A Day in the Field: Steffen Solberg
What do you do at Field?
I am involved in new product development processes and continuous improvements here at Field, and I contribute heavily towards the Drone and Unmanned Payload systems. My multi-disciplinary role allows me to come in contact with everything from mechanical assemblies, to sensor systems. A large part of my time goes towards designing and testing the next generation of fully electric unmanned aerial vehicles.
How would you describe the culture at Field?
Competent and really caring. The team supports each other, and in my opinion, we have extremely high talent retention. Get-togethers outside of work are quite typical, and it really feels like one big family. I wouldn’t have it any other way.
Which of our four values (‘Caring, Curious, Credible, Competent’) is closest to your heart, and why?
That would definitely have to be Curious for me. I’ve always been extremely passionate and interested in understanding how things work. My dad was probably the first to pick this up, when I dismantled his audio amplifier at age 10. Since my youth I have been tinkering with all sorts of technologies – I’ve hosted Linux servers, coded websites, modified cars and motorcycles, created autonomous underwater vehicles/robots (at university), and now I work with drones and sensor systems. What a great way to get to try a little bit of everything, keeping my adventurous brain in check.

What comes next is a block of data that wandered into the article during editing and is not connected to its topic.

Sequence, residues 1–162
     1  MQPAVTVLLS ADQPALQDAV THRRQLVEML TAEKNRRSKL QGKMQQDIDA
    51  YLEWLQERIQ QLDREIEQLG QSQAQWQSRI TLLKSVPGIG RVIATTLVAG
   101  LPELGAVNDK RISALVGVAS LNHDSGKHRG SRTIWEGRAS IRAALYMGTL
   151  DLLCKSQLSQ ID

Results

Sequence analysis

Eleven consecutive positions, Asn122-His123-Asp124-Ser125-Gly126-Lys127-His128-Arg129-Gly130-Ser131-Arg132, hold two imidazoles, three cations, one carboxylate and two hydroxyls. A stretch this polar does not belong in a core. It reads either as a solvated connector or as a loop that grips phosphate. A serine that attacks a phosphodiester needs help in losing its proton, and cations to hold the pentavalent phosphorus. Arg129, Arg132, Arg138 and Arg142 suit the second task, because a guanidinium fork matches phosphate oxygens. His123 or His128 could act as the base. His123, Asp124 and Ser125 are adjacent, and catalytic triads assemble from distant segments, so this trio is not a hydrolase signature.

How is Field different to other companies you’ve worked in?
Even as the company has been rapidly growing, there is still a sense of being a small and efficient company. Business processes are rapid with minimal bureaucracy. Short decision lines and flat hierarchy, with a can-do attitude.
What is your favourite thing about working in Field?
The company has a culture of trying new things, and not giving up immediately. Us engineers are encouraged to figure out new ideas, or technologies – be it production methods, or concepts.
How can Field contribute to a more sustainable future?
I believe that by using drones for critical infrastructure inspections, we can significantly reduce greenhouse gas emissions in society, by reducing the use of polluting helicopters. Furthermore, we’re moving towards a world where our digital twins represent the current state of things for building sites, cities, power grids, pipelines, just to name a few. Planning processes can be improved, and there can be reduced site visits for checking up on the progress of a project, leading to a more efficient society in general.
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